HTTPS-crippling FREAK attacks become cheaper and easier to carry out

There's more bad news surrounding the HTTPS-crippling FREAK vulnerability that came to light two weeks ago. A recently completed scan of the Internet revealed 10 percent of servers that support the underlying transport layer security protocol remain susceptible. Even worse, many of these laggards contain an additional weakness that drastically drives down exploitation costs, in the most extreme cases to just pennies per server.

As Ars reported almost two weeks ago, so-called FREAK attacks—short for Factoring attack on RSA-EXPORT Keys—are possible when an end user with a vulnerable device connects to an HTTPS-protected website configured to use a weak, 512-bit encryption key. Previously, it took about seven hours and $100 in cloud-computing fees to break such a key. The attack worked by painstakingly analyzing the 512-bit modulus of a vulnerable RSA key pair to discover the two underlying prime numbers that produced it. Attackers had to factor the key of each vulnerable website they wanted to exploit. The work and cost required made it hard to exploit the weakness in mass numbers. Meanwhile, the number of servers that stopped using weak 512-bit keys in the days following the FREAK disclosure acted as a further disincentive for would-be attackers.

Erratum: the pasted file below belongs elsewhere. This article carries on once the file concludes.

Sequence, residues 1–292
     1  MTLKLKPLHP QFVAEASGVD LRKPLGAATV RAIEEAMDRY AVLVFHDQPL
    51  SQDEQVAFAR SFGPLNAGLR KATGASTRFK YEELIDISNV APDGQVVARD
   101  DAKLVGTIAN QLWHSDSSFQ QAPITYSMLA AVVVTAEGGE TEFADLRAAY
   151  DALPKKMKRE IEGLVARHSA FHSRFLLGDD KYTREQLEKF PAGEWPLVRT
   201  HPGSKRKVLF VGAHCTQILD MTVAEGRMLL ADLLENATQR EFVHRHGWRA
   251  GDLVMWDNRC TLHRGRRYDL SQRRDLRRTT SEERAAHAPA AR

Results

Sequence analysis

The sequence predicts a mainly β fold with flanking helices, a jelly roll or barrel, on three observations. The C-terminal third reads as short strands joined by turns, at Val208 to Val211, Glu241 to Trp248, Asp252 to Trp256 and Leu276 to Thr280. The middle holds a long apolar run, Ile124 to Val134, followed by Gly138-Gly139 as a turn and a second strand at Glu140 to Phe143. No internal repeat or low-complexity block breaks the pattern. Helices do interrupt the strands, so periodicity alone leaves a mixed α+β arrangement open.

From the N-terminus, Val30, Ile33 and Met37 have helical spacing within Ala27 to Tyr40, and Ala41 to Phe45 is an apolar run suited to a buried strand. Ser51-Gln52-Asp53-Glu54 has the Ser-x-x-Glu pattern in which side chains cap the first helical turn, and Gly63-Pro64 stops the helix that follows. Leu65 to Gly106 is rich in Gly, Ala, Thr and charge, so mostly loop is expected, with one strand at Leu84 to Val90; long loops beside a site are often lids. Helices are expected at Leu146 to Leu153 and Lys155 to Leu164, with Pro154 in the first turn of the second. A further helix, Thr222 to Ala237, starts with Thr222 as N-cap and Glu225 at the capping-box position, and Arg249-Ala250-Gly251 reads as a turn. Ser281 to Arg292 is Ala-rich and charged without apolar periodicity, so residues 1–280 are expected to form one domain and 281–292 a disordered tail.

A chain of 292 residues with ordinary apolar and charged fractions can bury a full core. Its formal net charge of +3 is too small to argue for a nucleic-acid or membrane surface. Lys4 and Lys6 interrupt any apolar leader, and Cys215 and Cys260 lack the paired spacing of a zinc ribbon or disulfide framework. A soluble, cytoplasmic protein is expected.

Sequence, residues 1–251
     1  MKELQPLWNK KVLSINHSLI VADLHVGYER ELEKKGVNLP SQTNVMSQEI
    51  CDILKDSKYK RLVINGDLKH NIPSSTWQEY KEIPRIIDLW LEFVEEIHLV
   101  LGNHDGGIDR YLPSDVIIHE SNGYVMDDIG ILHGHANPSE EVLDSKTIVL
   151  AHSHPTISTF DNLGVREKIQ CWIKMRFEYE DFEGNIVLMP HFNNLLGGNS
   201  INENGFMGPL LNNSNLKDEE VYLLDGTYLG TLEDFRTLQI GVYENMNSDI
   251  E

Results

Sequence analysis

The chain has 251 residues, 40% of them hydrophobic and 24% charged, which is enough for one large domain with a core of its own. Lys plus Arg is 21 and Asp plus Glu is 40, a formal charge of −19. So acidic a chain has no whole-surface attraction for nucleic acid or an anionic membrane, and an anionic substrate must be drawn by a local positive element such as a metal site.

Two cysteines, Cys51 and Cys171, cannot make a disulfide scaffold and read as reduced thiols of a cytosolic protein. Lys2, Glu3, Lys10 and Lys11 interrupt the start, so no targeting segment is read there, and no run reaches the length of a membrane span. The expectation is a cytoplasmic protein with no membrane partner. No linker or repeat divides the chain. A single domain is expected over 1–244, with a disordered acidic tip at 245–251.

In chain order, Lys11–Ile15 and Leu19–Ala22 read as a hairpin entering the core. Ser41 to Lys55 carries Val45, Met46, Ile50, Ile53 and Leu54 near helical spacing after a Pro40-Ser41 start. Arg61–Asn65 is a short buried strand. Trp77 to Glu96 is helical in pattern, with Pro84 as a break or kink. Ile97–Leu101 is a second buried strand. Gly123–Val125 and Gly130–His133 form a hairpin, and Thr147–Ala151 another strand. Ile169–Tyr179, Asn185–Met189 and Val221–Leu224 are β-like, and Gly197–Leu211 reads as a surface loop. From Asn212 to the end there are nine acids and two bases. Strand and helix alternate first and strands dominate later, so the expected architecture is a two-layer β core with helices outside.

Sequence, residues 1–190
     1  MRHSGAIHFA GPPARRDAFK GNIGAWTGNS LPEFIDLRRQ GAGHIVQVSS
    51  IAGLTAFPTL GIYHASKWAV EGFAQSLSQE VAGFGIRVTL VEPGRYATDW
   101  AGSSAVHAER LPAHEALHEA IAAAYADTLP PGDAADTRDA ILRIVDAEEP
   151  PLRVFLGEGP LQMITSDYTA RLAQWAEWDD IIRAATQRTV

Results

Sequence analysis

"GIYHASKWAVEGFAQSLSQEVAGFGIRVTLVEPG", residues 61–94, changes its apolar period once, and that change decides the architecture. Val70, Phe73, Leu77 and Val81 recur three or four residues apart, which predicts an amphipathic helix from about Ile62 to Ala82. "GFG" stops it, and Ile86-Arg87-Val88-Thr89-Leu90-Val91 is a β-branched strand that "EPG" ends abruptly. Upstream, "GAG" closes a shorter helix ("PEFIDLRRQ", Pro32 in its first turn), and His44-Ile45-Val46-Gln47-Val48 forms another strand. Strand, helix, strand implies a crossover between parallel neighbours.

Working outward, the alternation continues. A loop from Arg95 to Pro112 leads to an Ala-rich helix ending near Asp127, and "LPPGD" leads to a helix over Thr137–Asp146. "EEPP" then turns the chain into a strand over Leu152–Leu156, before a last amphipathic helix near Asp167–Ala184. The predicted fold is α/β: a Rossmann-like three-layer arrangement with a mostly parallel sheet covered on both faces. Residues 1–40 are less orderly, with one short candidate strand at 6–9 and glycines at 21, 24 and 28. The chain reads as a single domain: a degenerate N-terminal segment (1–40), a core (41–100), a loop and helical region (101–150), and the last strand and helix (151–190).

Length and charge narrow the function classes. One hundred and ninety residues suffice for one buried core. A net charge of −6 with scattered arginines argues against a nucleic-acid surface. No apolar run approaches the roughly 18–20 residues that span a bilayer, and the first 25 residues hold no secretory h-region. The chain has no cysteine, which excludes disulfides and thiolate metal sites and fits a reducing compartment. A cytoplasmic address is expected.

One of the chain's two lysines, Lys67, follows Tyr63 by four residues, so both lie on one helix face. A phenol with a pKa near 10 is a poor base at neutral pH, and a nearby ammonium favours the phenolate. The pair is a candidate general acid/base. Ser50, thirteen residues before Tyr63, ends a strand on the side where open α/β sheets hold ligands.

Now comes word of an easier, less costly exploit. An Internet scan carried out one week after FREAK came to light has turned up evidence suggesting the weakness may not be so difficult to exploit after all. Of the 22.7 million servers found to support TLS encryption, 2.2 million—or 9.7 percent of them—continued to offer the export-grade 512-bit keys. More troubling still, the team of researchers from Royal Holloway University of London found large clusters of repeated moduli inside the keys' mathematical DNA. In the most extreme case, a single 512-bit modulus appeared 28,394 times in the survey, meaning there were that many servers using precisely the same underlying prime numbers that, when multiplied together, produced the common modulus. Spending $100 and seven hours, then, would allow attackers to spoof as many as 28,394 sites or devices or to decrypt their TLS-protected traffic. That breaks down to about three cents per server or device.

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